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Author Topic: A financial S storm is brewing. Fannie/Freddie seized.  (Read 8934 times)
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Blackadar
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« Reply #80 on: September 17, 2008, 09:54:28 PM »

Quote from: gellar on September 17, 2008, 06:53:14 PM

Quote from: Brendan on September 17, 2008, 06:39:37 PM

Quote from: brettmcd on September 17, 2008, 06:34:16 PM

I dont think we should be bailing these companies out, or homeowners either.

Quote from: msduncan on September 17, 2008, 06:38:13 PM

Yes it is.   And I've been upset by this -- even by the first bailout of the twin F's.     Government bailouts and takeovers of sections of the economy IS NOT the answer!    We are on seriously dangerous ground here.

A question to the two of you then:  What, exactly, do you think would then happen to the American economy?  Any predictions to share?


I know this isn't addressed at me, but I'm gonna take a stab anyway.

It's pretty clear we have to bail these companies out.  There is no choice in the matter.  That doesn't mean I have to like it.

We should have never let ourselves get in this area in the first place.  A number of poor laws were passed that circumvented (theoretical*) free market forces.  Too many programs and loopholes were created to allow people to make ridiculously poor decisions.  These people would not have even had the OPTION to make these decisions 20 years ago, since no one would have lent to them.  I'm not saying the current conditions wouldn't exist if the government didn't dick around with the laws, but I am pretty sure they wouldn't be this bad.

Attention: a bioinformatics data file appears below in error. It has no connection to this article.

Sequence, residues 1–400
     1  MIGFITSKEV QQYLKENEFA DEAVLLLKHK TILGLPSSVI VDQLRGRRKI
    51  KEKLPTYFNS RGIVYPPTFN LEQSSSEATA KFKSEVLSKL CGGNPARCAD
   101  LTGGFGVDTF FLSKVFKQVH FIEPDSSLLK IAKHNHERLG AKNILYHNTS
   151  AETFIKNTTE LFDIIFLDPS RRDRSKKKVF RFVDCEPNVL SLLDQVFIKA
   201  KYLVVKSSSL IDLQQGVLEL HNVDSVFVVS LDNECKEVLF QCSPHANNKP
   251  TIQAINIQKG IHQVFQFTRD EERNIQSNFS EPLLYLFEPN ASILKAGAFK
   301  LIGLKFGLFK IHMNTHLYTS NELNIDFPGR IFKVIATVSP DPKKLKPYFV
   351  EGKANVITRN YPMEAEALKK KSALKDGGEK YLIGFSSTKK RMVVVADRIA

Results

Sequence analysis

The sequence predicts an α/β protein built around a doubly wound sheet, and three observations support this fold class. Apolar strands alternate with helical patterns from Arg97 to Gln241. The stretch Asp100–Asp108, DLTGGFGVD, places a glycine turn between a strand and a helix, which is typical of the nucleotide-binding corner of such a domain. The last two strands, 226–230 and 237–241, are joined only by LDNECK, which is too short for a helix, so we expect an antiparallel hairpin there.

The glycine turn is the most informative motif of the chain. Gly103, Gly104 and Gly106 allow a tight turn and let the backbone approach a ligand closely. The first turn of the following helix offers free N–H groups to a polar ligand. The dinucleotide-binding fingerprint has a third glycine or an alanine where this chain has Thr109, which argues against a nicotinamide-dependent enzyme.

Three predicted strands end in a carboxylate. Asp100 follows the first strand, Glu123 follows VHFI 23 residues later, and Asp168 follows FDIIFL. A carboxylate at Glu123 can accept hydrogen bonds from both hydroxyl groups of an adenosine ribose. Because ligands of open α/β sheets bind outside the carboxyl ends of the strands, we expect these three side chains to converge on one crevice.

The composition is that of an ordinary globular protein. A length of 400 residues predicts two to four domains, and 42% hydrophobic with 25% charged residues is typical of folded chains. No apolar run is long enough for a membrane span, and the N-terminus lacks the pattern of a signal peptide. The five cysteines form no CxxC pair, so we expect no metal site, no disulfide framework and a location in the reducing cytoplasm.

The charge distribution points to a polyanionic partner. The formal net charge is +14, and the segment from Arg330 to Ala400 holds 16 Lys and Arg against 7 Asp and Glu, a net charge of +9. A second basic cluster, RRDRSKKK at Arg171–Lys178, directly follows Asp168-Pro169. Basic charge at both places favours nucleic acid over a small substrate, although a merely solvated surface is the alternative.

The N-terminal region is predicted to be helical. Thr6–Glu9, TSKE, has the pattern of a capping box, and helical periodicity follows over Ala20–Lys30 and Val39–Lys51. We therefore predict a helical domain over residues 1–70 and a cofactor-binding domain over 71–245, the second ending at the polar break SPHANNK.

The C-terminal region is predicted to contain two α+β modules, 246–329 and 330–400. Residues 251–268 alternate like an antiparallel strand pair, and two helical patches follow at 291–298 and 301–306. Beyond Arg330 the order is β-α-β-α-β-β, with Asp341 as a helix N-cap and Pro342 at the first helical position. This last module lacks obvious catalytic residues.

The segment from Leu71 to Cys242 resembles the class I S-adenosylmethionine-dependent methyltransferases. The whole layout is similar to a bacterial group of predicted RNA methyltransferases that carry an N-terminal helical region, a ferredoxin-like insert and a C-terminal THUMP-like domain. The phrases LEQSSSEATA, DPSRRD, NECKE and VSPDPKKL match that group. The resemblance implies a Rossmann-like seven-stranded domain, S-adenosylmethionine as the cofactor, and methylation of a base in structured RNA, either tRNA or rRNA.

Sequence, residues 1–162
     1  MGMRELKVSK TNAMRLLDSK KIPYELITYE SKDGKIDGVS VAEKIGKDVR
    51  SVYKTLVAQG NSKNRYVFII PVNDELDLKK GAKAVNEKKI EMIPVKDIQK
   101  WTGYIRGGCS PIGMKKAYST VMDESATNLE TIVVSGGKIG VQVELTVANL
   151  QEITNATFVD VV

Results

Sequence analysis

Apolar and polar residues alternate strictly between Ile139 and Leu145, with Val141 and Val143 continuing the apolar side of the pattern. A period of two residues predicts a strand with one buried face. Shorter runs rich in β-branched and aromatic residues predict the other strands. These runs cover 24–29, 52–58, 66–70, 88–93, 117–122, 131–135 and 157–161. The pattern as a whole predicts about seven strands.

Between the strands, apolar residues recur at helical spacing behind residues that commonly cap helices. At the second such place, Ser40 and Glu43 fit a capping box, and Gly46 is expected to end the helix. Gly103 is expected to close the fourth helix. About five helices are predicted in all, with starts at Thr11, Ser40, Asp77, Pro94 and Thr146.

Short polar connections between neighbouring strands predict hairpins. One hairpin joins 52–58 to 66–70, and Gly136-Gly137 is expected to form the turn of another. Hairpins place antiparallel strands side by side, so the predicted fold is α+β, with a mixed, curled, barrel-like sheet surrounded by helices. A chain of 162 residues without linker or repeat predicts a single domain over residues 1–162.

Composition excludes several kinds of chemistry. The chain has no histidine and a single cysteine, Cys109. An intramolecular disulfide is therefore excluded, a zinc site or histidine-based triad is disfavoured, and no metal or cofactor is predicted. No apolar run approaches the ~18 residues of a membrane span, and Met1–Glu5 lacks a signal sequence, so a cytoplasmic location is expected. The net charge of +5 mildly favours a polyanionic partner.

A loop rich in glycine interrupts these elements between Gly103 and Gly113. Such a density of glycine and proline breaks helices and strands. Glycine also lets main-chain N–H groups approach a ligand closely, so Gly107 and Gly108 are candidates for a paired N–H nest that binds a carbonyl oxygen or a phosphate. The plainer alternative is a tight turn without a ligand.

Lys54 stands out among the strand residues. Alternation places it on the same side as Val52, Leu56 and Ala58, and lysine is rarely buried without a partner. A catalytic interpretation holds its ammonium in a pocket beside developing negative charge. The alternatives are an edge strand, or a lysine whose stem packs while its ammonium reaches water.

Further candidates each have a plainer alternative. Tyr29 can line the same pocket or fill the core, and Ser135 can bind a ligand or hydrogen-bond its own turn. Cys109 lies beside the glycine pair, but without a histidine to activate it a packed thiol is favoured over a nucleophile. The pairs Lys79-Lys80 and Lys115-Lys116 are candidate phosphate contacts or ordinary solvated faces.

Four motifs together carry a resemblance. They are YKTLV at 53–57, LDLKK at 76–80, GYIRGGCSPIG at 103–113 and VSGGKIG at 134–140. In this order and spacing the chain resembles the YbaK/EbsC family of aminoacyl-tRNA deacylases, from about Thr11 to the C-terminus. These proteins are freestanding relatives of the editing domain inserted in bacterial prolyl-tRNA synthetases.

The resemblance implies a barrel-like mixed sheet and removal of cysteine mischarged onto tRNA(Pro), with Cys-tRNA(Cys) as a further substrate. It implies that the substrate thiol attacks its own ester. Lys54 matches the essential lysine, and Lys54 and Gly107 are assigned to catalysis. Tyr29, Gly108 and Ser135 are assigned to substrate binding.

And BOTH parties were at fault here.  If the Republicans want to believe that the government that is actually in charge is a true hands off minimal government, they're insane.  Same goes to the Democrats who think that the Dems in charge didn't help cause this situation by trying to 'help' people who really shouldn't have been helped.

*theoretical because there is no such thing as a true free market.

gellar

I respect your opinion, but I wholeheartedly disagree.  The time for action was two years ago.  Now, it's like sticking your fingers in the dike.  It was said that we needed to bail out Bear Stearns or more collapses would take place.  Then we needed to get Freddie Mac and Fannie Mae involved more in the mortgage mess and told them to buy riskier and larger mortgages.  Then we needed to bail out Freddie Mac and Fannie Mae.  Now we need to bail out AIG.  Where does it end?  How much corporate welfare do we need to pony up?

The AIG bailout is largely due to CDS's - Credit Default Swaps - a type of "insurance" against defaults.  The problem is that we've never gone after the fundamental source of the instability - mortgages .  We've just bailed out the big institutions that helped create the problem and we've never seen any "trickle down" to the root of the problem - the little guy who holds the mortgages.  We need to either one of two things.  Either provide liquidity to those who will then provide additional flexibility to the mortgage holders, or let the big guys fail and let the overblown and overheated market correct itself naturally.  Bailing out investors will only result in additional risky behavior which perpetuates the cycle. 
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gellar
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« Reply #81 on: September 17, 2008, 10:03:08 PM »

Quote from: Blackadar on September 17, 2008, 09:54:28 PM

Quote from: gellar on September 17, 2008, 06:53:14 PM

Quote from: Brendan on September 17, 2008, 06:39:37 PM

Quote from: brettmcd on September 17, 2008, 06:34:16 PM

I dont think we should be bailing these companies out, or homeowners either.

Quote from: msduncan on September 17, 2008, 06:38:13 PM

Yes it is.   And I've been upset by this -- even by the first bailout of the twin F's.     Government bailouts and takeovers of sections of the economy IS NOT the answer!    We are on seriously dangerous ground here.

A question to the two of you then:  What, exactly, do you think would then happen to the American economy?  Any predictions to share?


I know this isn't addressed at me, but I'm gonna take a stab anyway.

It's pretty clear we have to bail these companies out.  There is no choice in the matter.  That doesn't mean I have to like it.